It makes a lot of sense to tune your sprint length to the rate at which requirements change and the rate at which the team can deliver functionality. Adding work as you go makes it difficult to make commitments and to measure progress, and new "high-priority" work can disrupt flow. If your sprints are 4 weeks long, then there is a greater temptation to add work mid-stream. If a sprint is 1 week long, then it's easier for a Product Owner to be comfortable slotting work into the next sprint.
A sprint isn't just the time spent coding. The planning and review are also important. So, what's a good ratio of planning to "coding" time in a short sprint? In a canonical 4 week sprint, such as described in Agile Project Management with Scrum the team spends 1 day on planning, and about 1 day on review and retrospective. This adds up to 2 days out of 20, or 10%. For a one week sprint, this same ratio gives us 1/2 day for review and planning.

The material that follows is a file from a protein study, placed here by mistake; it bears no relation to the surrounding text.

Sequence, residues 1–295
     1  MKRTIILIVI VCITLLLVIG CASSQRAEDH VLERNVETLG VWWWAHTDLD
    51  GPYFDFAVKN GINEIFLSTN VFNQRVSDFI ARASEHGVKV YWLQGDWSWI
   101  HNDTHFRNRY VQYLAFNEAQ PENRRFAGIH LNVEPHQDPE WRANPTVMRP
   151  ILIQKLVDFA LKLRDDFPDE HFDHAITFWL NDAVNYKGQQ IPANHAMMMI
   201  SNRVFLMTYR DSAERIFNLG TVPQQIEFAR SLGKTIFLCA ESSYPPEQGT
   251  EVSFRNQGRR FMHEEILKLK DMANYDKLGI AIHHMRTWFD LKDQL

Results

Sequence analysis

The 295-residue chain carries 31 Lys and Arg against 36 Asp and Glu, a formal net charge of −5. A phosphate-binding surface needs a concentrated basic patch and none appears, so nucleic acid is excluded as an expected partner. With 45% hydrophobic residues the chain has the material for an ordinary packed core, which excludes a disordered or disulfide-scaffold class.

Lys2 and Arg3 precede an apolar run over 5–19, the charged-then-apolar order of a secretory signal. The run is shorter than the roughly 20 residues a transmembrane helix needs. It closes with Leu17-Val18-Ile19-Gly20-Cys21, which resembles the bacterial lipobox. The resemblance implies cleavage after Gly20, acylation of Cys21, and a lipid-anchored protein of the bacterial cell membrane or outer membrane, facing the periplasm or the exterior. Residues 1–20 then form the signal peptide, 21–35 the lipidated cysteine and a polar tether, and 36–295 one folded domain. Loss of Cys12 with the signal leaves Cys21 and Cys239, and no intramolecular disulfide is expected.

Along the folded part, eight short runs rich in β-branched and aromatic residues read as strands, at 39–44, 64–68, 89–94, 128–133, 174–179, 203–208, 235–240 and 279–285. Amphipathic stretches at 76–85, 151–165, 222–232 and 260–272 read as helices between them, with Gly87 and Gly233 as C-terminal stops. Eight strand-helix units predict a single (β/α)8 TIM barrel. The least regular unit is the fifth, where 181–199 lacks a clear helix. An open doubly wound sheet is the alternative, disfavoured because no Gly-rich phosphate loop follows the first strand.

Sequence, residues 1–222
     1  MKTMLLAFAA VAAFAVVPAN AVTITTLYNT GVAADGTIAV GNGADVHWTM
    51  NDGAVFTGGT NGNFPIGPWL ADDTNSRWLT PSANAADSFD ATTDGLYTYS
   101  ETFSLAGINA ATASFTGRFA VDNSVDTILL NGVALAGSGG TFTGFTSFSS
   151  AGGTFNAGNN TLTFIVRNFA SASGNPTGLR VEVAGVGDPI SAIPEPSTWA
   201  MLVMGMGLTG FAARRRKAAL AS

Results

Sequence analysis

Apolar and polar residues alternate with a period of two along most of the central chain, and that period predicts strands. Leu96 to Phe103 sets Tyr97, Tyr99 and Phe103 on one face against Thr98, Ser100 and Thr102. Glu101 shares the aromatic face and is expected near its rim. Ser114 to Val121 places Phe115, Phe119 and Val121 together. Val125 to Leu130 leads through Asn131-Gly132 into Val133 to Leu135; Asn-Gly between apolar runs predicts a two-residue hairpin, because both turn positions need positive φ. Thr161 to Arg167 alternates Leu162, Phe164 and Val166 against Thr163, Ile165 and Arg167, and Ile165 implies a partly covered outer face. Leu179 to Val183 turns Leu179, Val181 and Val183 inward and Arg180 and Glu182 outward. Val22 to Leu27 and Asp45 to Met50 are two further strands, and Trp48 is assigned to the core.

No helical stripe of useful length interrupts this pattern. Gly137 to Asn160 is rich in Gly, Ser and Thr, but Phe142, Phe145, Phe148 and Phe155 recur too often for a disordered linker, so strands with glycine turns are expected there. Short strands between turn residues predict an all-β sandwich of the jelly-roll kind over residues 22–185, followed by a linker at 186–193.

Given the overhead of getting people together, and the dynamics of meetings, the calculation probably isn't linear. But I have worked on teams where we could do a reasonable job planning and reviewing in 1/2 day. This seems like reasonable overhead if:
- The backlog is well defined by the product owners in advance of the planning meeting so that we can quickly estimate.
- Daily scrums start on time, stay focused, and fit within the time box that the team expects (typically 15 minutes)
- The number of features is small enough that it is possible to have a focused review meeting in an hour or so, with 30 minutes allocated to "retrospective" discussions.
- There is adequate interaction with a product owner during the sprint so that small issues can be resolved quickly and outside of the review.